Confessions of a teenage binge drinker

Like most teenagers, I was an underage drinker. And like most underage drinkers, I got hold of booze in three ways: I smuggled out spirits from the drinks cupboard, I got an older teenager to go into the off-licence and get it for me, or I simply went into the offy myself and bought the booze from a seller who didn’t give a toss whether or not I was old enough to drink.

When you’re an underage drinker, the choice of drink comes down to one thing and one thing only: how pissed it can get you and how quickly. So horrible cider and fortified wines are the drinks of choice, and from what I can see of the current lot of piss-heads shouting and bawling their way around Glasgow city centre on a Friday night, nothing’s changed.

When you stop being an underage drinker, your relationship with booze changes slightly – as in, you’re less inclined to drink paint in the hope it’ll get you plastered. But judging by the howling morons in Sauchiehall Street, price still isn’t a factor. If it were, the hideous booze factories where the barely legal get utterly blasted on overpriced bottled beers and Bacardi Breezers would have gone out of business a long time ago.

So I’m a bit baffled by the Scottish Justice Minister’s plans to curb supermarket booze promotions. I can see why the licensed trade thinks a curb on supermarkets is a good idea – they’re getting stuffed because people are, quite rightly, staying at home instead of paying £3-odd for a pint; it’s cheaper to drink petrol than beer these days – but I genuinely don’t see how making booze slightly more expensive is going to do a single damn thing to change Scotland’s dysfunctional relationship with booze.

Our relationship with drink is a cultural thing, not a financial thing. How will a minor price increase change that?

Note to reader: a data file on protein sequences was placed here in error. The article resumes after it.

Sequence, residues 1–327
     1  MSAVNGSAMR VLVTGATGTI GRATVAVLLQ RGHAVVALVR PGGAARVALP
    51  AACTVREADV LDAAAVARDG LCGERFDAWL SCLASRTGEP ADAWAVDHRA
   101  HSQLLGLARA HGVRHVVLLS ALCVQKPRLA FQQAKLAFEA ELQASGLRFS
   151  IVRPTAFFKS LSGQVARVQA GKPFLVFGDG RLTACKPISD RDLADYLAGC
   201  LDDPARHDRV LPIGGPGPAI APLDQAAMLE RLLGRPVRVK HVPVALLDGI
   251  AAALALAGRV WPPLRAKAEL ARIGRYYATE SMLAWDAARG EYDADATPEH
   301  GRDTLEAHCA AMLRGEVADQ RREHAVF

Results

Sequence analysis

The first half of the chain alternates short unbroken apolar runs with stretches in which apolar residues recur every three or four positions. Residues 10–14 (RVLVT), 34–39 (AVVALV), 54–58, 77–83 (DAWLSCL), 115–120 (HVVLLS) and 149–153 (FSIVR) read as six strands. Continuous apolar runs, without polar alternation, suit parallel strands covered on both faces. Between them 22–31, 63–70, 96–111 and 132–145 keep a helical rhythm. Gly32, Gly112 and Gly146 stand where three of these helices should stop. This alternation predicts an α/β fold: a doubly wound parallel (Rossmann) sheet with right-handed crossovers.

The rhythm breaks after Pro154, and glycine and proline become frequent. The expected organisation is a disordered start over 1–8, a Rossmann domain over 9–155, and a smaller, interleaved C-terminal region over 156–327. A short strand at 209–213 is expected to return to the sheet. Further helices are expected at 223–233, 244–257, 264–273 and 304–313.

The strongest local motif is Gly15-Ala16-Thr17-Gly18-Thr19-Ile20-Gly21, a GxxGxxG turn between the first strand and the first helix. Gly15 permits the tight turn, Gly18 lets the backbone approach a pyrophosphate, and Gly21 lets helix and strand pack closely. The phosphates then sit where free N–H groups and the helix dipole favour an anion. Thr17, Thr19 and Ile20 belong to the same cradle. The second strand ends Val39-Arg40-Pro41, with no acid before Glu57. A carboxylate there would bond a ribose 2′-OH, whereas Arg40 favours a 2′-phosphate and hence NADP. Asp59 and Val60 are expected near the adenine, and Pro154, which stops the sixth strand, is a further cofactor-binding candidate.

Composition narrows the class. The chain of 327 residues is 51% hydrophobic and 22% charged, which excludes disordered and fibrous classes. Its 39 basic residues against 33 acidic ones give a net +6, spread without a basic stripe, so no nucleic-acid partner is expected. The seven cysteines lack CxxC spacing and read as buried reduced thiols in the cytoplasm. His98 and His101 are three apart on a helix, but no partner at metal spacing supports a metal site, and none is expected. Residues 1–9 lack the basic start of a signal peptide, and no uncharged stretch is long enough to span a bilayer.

0 responses to “Confessions of a teenage binge drinker”

  1. mupwangle

    >>…drink paint in the hope it’ll get you plastered.

    You can tell you don’t know DIY. ;-)

  2. God forbid the powers that be should ask *why* people want to get hammered every weekend.

  3. Gary

    Indeed. It’s not just lad culture.

  4. Gary

    You can tell you don’t know DIY.

    Nah, I’m just really pissed.

  5. To be fair, the powers that be do ask why people get plastered all the time. Their answer is the same as their answer to why people become criminals: “Poverty breeds desperation.” It’s completely the wrong bloody answer, but their firm belief in its truth does explain their concern over the price of booze.

  6. “To be fair, the powers that be do ask why people get plastered all the time.”

    Yes, they ask “why people get plastered all the time” (and seemingly conclude – wrongly – “because they can afford to”). However, I said the powers that be never ask “*why* people *want* to get hammered”, which is a different question. It’s not simply a question of availability.

    “Poverty breeds desperation.”

    Which, while a sweeping generalisation, is at least bit more materialist a explanation than the essentialist rubbish about a societal residuum that others seem to favour.

  7. Gary

    Yes, they ask “why people get plastered all the time” (and seemingly conclude – wrongly – “because they can afford to”).

    Oh god yeah. If price controls worked nobody would still smoke, and nobody would take drugs. Whereas people simply cut their cloth to reflect the higher prices so they can continue to do it. Or steal your telly to finance it. In every other addiction-related arena price controls just fuel the black market, whether it’s people flogging Drum from behind the bar or bottles of whisky cut with all kinds of crap (tangent: some of the stuff in counterfeit booze is terrifying).

    I do think there’s a link between poverty and problem drinking, same as there’s a link between poverty and drug abuse, a link between poverty and smoking, between poverty and bad diet, etc. But anti-social drinking of the sort that makes the city centre hellish each weekend isn’t a class thing, or an income thing. It’s yahoos as well as neds, bright young things as well as daft wee shites, pillars of society as well as pill-poppers and so on. And I do think that the UK is pretty much unique in that respect. But I’ve no idea why. Any ideas, anyone?